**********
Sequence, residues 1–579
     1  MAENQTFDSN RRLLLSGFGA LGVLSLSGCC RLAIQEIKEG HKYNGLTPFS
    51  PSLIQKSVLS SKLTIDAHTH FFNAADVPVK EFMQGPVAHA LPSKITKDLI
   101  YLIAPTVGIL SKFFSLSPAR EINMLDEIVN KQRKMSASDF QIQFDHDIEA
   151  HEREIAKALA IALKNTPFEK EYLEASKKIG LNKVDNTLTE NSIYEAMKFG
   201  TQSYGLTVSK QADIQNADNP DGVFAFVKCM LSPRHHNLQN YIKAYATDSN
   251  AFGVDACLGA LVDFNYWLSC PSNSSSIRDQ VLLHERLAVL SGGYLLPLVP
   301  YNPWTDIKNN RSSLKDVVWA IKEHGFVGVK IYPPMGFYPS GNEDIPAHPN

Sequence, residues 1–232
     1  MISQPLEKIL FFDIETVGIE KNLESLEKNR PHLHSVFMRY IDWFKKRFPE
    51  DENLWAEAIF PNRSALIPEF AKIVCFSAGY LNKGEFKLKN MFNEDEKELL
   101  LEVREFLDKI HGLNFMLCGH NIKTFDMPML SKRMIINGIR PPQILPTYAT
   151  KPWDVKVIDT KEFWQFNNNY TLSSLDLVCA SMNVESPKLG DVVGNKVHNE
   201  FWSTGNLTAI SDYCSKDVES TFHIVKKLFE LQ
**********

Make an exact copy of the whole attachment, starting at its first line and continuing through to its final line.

Sequence, residues 1–579
     1  MAENQTFDSN RRLLLSGFGA LGVLSLSGCC RLAIQEIKEG HKYNGLTPFS
    51  PSLIQKSVLS SKLTIDAHTH FFNAADVPVK EFMQGPVAHA LPSKITKDLI
   101  YLIAPTVGIL SKFFSLSPAR EINMLDEIVN KQRKMSASDF QIQFDHDIEA
   151  HEREIAKALA IALKNTPFEK EYLEASKKIG LNKVDNTLTE NSIYEAMKFG
   201  TQSYGLTVSK QADIQNADNP DGVFAFVKCM LSPRHHNLQN YIKAYATDSN
   251  AFGVDACLGA LVDFNYWLSC PSNSSSIRDQ VLLHERLAVL SGGYLLPLVP
   301  YNPWTDIKNN RSSLKDVVWA IKEHGFVGVK IYPPMGFYPS GNEDIPAHPN

Sequence, residues 1–232
     1  MISQPLEKIL FFDIETVGIE KNLESLEKNR PHLHSVFMRY IDWFKKRFPE
    51  DENLWAEAIF PNRSALIPEF AKIVCFSAGY LNKGEFKLKN MFNEDEKELL
   101  LEVREFLDKI HGLNFMLCGH NIKTFDMPML SKRMIINGIR PPQILPTYAT
   151  KPWDVKVIDT KEFWQFNNNY TLSSLDLVCA SMNVESPKLG DVVGNKVHNE
   201  FWSTGNLTAI SDYCSKDVES TFHIVKKLFE LQ